Skip to main content

13.02.2019 | Computed Tomography | Ausgabe 9/2019

European Radiology 9/2019

DXA-equivalent quantification of bone mineral density using dual-layer spectral CT scout scans

European Radiology > Ausgabe 9/2019
Alexis Laugerette, Benedikt J. Schwaiger, Kevin Brown, Lena C. Frerking, Felix K. Kopp, Kai Mei, Thorsten Sellerer, Jan Kirschke, Thomas Baum, Alexandra S. Gersing, Daniela Pfeiffer, Alexander A. Fingerle, Ernst J. Rummeny, Roland Proksa, Peter B. Noël, Franz Pfeiffer
Wichtige Hinweise

Electronic supplementary material

The online version of this article (https://​doi.​org/​10.​1007/​s00330-019-6005-6) contains supplementary material, which is available to authorized users.

Summary statement

The presented method, based on spectral CT scout scans, allows to reliably determine areal BMD in state-of-the-art phantom and in sample patient data. The results suggest that the performance of the method is possibly similar to that of DXA for the phantom experiments performed in this work.

Publisher’s wote

Springer Nature remains neutral with regard to jurisdictional claims in published maps and institutional affiliations.



To develop and evaluate a method for areal bone mineral density (aBMD) measurement based on dual-layer spectral CT scout scans.


A post-processing algorithm using a pair of 2D virtual mono-energetic scout images (VMSIs) was established in order to semi-automatically compute the aBMD at the spine similarly to DXA, using manual soft tissue segmentation, semi-automatic segmentation for the vertebrae, and automatic segmentation for the background. The method was assessed based on repetitive measurements of the standardized European Spine Phantom (ESP) using the standard scout scan tube current (30 mA) and other tube currents (10 to 200 mA), as well as using fat-equivalent extension rings simulating different patient habitus, and was compared to dual-energy X-ray absorptiometry (DXA). Moreover, the feasibility of the method was assessed in vivo in female patients.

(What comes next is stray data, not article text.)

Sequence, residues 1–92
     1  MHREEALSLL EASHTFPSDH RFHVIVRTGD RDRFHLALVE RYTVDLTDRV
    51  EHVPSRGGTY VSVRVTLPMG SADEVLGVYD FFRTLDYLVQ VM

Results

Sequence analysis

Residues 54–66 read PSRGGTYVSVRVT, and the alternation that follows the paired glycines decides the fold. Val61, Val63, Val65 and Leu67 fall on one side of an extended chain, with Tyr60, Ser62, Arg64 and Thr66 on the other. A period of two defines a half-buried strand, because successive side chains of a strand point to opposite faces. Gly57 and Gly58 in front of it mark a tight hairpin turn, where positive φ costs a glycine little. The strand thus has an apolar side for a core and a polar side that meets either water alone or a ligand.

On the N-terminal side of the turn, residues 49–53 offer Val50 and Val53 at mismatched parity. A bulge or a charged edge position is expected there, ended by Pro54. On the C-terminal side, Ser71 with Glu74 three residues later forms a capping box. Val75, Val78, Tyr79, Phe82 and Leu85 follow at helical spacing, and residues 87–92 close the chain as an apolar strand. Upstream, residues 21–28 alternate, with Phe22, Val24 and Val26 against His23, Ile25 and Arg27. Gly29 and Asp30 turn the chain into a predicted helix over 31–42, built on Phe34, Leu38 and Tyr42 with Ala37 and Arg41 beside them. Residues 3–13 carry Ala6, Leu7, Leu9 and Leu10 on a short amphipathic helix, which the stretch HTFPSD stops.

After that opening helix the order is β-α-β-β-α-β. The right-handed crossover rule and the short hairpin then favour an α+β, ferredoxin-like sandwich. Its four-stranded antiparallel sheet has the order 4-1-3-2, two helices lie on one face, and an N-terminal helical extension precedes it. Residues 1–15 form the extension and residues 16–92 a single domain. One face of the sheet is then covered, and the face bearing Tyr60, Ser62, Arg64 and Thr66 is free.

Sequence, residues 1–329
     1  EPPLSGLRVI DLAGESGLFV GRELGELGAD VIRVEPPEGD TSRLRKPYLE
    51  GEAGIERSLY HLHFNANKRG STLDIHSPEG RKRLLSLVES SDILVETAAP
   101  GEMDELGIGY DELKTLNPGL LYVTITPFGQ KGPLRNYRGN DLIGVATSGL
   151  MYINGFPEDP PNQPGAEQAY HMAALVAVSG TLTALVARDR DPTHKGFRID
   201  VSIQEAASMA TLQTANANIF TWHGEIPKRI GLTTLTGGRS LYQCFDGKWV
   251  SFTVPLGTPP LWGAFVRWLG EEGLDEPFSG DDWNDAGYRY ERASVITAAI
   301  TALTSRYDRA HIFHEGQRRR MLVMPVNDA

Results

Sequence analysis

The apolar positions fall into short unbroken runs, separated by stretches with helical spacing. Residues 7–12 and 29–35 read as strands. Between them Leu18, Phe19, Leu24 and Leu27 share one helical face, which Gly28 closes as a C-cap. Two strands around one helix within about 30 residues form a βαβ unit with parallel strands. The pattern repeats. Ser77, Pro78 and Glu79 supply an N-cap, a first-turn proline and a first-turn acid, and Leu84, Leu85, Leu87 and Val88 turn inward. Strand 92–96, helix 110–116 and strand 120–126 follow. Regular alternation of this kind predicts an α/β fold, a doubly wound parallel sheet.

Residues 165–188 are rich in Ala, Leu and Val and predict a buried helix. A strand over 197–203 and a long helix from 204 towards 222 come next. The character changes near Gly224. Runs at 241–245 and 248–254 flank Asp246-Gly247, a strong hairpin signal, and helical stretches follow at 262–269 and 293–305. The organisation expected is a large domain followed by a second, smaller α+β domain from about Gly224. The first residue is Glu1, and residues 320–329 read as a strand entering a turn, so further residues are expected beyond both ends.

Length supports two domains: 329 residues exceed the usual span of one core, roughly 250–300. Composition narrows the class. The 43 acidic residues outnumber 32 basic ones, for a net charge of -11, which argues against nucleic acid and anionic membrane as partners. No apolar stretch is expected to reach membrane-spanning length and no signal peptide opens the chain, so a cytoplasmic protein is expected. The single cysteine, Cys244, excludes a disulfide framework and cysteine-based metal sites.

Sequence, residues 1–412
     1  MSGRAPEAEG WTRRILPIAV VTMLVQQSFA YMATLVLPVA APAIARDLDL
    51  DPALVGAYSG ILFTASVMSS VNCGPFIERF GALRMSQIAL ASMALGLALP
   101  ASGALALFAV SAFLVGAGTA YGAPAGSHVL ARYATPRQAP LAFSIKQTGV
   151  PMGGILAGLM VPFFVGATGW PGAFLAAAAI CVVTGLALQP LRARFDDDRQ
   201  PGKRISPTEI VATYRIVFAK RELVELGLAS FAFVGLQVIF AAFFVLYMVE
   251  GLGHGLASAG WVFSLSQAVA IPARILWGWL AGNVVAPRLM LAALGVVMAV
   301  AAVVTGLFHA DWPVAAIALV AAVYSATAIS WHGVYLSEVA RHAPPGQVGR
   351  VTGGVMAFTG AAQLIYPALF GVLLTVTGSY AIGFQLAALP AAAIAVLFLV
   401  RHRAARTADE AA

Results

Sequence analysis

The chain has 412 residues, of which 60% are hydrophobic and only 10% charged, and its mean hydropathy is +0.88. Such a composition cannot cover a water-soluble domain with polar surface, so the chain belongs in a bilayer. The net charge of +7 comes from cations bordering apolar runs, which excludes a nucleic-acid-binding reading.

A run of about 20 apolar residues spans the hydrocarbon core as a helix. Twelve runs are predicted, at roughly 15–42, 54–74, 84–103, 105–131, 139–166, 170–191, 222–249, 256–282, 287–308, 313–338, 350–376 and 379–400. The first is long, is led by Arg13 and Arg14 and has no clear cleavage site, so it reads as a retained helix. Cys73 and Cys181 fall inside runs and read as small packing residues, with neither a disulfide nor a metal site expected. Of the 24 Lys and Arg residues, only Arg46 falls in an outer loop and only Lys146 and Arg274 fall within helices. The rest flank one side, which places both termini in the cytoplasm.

Derived from standard scout scans, aBMD values measured with the proposed method significantly correlated with DXA measurements (r = 0.9925, p < 0.001), and mean accuracy (DXA, 4.12%; scout, 1.60%) and precision (DXA, 2.64%; scout, 2.03%) were comparable between the two methods. Moreover, aBMD values assessed at different tube currents did not differ significantly (p ≥ 0.20 for all), suggesting that the presented method could be applied to scout scans with different settings. Finally, data derived from sample patients were concordant with BMD values from a reference age-matched population.


Based on dual-layer spectral scout scans, aBMD measurements were fast and reliable and significantly correlated with the according DXA measurements in phantoms. Considering the number of CT acquisitions performed worldwide, this method could allow truly opportunistic osteoporosis screening.

Key Points

• 2D scout scans (localizer radiographs) from a dual-layer spectral CT scanner, which are mandatory parts of a CT examination, can be used to automatically determine areal bone mineral density (aBMD) at the spine.
• The presented method allowed fast (< 25 s/patient), semi-automatic, and reliable DXA-equivalent aBMD measurements for state-of-the-art DXA phantoms at different tube settings and for various patient habitus, as well as for sample patients.
• Considering the number of CT scout scan acquisitions performed worldwide on a daily basis, the presented technique could enable truly opportunistic osteoporosis screening with DXA-equivalent metrics, without involving higher radiation exposure since it only processes existing data that is acquired during each CT scan.

Bitte loggen Sie sich ein, um Zugang zu diesem Inhalt zu erhalten

e.Med Interdisziplinär

Mit e.Med Interdisziplinär erhalten Sie Zugang zu allen CME-Fortbildungen und Fachzeitschriften auf

Jetzt e.Med zum Sonderpreis bestellen!

Sichern Sie sich jetzt Ihr e.Med-Abo und sparen Sie 50 %!

Weitere Produktempfehlungen anzeigen
Über diesen Artikel

Weitere Artikel der Ausgabe 9/2019

European Radiology 9/2019 Zur Ausgabe
  1. Sie können e.Med Radiologie 14 Tage kostenlos testen (keine Print-Zeitschrift enthalten). Der Test läuft automatisch und formlos aus. Es kann nur einmal getestet werden.